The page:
Humans’ anatomy is one of the most unpopular motifs in jewelry and fashion. We might like seeing body parts in photographs, we admire naked bodies on paintings, and we find beautiful the nudity sculpted in marble, but are we attracted to wearing a brooch depicting a naked butt? It appears that the design of garments, which cover and decorate the body, almost excludes parts of the body.
Almost, but not completely, as some of them have a symbolical meaning: hands and eyes, for example. Throughout most of human history, such jewelry pieces had a rather symbolic role (traditional Irish wedding ring Claddagh with hands holding a heart) or were used as talismans protecting certain parts of the body, body functions, or a sphere of life allegorically represented by certain body parts or an organ (hands were associated with harvesting, phallus – with soil fertility). Anyway, probably nobody would wear a pendant in the shape of a nose just for fun.
The first designer who included body parts in the language of fashion was Elsa Schiaparelli (1890 – 1973). She was a kind of typhoon of innovative ideas between the two wars. She was the first one to use synthetic fabric, visible zips, designing strong-shouldered coats and suits, etc. Elsa absorbed new trends as soon as they began to emerge, extracted the best from them, and created things aimed at shocking the public.
From her close friendship with surrealists, she brought bizarreness, humourism, and human body motif to fashion – as corporeality and sexuality were integral parts of the surrealism paradigm. The first “anatomical” piece of Schiaparelli was a belt with hands hugging a waist than was followed by embroidery imitating hair on jackets’ shoulders, gloves with red “nails”, a bra with a silhouette of hands holding breast – a bit weird for us, imagine how it felt in the 1930s’. What was the message of these strange designs? To shake a burden of untouchability off the corporeality, to have fun, and… to shock, of course.
The next to refer to human anatomy in his creations was Bruno Martinazzi (1923-2018), an Italian jeweler, sculptor, philosopher, partisan – one of those who people call “Da Vinci of our time”.
Martinazzi started his series of body-pieces at the end of the 1960s and kept making them until the 2010s. The anatomy of Martinazzi is of a different kind. It’s nudity of almost classical antiquity type, with its soft lines, opaque surface of gold, balanced shadows, and highlights. The body parts he was interested in depicting were those responsible for sensory perception and expression of feelings: lips, eyes, hands, breast. In his artworks, parts of the human body don’t look shocking or provocative. Instead, they look like the most natural thing (as they are in fact) in a lyrical, intimate interpretation. What elevates this sensitive tactile side of his creations is the fact that all of the pieces used to be handmade by the artist using tools, which he made by himself. That would give the ornaments a kind of shamanic touch, a veil of spiritual contact with the creator.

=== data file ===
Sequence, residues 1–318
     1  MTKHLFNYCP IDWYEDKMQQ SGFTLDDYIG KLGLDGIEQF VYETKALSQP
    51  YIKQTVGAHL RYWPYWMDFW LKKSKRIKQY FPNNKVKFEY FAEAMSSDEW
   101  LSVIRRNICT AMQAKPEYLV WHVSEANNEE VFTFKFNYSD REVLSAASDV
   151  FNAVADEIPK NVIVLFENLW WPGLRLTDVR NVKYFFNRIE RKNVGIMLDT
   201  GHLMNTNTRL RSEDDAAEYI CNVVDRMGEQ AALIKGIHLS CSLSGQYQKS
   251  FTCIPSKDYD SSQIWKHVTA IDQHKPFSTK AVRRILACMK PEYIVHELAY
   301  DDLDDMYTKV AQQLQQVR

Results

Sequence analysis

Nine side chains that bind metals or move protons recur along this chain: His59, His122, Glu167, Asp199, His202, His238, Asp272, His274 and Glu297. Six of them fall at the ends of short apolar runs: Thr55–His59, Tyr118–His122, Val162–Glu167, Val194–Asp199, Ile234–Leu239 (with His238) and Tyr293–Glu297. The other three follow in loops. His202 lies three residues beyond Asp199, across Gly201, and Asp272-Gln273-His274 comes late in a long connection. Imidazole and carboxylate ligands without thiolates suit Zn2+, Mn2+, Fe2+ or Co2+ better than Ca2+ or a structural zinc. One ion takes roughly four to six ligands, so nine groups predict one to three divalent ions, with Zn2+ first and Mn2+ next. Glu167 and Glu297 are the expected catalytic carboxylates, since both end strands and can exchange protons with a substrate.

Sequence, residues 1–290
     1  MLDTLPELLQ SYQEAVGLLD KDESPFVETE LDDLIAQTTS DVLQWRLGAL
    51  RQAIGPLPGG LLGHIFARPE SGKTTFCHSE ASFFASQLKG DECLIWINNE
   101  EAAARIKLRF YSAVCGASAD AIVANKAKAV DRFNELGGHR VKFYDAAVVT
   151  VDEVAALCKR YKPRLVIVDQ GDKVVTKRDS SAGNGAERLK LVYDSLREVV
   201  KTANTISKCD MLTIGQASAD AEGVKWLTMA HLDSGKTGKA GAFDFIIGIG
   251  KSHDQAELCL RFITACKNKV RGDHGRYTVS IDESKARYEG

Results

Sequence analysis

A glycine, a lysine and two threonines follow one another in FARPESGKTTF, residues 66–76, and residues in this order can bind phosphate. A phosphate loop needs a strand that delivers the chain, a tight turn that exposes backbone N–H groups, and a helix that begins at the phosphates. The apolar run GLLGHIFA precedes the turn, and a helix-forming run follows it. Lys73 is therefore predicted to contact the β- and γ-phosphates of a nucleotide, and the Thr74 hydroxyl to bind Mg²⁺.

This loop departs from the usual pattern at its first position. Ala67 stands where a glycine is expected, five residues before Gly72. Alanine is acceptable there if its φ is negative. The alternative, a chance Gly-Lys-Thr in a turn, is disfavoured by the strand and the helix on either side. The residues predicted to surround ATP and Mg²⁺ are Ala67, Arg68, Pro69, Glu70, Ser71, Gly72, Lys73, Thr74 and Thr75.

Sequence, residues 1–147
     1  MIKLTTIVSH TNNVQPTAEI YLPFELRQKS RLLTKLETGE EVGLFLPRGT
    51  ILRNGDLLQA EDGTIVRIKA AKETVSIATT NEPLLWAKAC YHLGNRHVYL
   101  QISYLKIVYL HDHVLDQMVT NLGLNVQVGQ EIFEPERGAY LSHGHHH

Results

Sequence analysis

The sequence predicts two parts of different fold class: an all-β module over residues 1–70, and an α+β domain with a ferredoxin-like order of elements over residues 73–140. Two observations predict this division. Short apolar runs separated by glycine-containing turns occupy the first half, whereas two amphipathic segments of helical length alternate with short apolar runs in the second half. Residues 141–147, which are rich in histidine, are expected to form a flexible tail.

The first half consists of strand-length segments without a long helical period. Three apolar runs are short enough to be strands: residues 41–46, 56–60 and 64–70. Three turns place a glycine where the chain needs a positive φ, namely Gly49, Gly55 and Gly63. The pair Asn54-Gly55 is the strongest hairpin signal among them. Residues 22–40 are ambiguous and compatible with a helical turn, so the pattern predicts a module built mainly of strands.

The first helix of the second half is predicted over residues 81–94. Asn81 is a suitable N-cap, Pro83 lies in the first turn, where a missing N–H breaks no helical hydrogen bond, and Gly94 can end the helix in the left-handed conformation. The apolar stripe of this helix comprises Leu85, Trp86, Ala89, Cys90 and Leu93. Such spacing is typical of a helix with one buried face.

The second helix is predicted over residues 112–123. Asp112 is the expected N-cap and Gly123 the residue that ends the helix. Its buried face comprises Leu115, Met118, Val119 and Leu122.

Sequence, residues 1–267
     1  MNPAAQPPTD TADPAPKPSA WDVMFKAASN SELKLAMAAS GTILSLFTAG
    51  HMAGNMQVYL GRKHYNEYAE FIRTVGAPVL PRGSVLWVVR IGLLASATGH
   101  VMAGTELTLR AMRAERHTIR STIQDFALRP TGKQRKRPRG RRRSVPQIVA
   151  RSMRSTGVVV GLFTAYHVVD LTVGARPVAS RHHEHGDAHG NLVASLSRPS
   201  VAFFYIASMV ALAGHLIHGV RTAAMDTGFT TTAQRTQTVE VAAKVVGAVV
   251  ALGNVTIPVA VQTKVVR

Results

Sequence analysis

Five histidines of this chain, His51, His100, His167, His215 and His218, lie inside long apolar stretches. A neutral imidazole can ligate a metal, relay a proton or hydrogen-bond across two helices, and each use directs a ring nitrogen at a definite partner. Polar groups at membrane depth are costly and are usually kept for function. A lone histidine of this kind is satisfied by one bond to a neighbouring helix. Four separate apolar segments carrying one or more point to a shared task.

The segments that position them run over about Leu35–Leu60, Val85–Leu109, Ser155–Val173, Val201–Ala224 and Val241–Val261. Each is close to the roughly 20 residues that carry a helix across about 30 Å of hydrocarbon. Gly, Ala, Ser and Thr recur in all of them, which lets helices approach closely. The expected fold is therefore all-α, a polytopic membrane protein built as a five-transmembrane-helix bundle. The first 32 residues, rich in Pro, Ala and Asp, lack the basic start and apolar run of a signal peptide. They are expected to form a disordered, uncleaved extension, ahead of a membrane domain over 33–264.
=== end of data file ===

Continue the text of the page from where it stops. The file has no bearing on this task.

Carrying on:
The fashion house of Schiaparelli was closed down in 1954 and reopened in 2006. For all these years till 2019 Schiaparelli kept a pretty low profile, far from Elsas’ drive, you know what I mean? The one to breathe life and bold creativity into the Maison was Daniel Roseberry – a young designer who joined Schiaparelli as artistic director in 2019, after more than 10 years at Thom Browne.
The Spring/Summer 2021 Haute Couture Collection of Schiaparelli is a vivid confirmation of that. It’s a sparkling mix of contemporary designs and homage to the brand’s past, to the period of Elsa’s surrealistic creations and collaborations with Jean Cocteau and Salvador Dali. For example, there is a fashion quote – a cape with embroidered hair, or earrings in a shape of an eye with a tear, or a dress in shocking pink color, which can be considered as a brand’s twist since the 1930s. These are greetings to the glorious past, Avant-guard from those times.
For today Schiaparelli it couldn’t be enough. Being a post-post-modern world fashion house, the Maison plays elements of different epochs: Hellenistic muscle cuirass became a rigid dress and a corset, gold funeral mask (like the one Agamemnon had) is back as a bizarre accessory. Even the Nursing Madonna iconography appeared in the collection as a sort of embellishment, which Precious Lee tried on for the collections’ campaign. Ornaments in the shape of teeth, lips, and pierced nipples seem pretty sane next to them.
Would you call Schiaparellis’ S/S 2021 shocking? I wouldn’t. There are so few things which can shock us in 2021, ear-earrings with earrings (I really wanted to write it) are definitely not among them. I see this collection as a successful attempt to shake up the world of Haute Couture, to bring in something more than mere technically complicated dresses and flawless handwork, but also art and memorable inner smiles.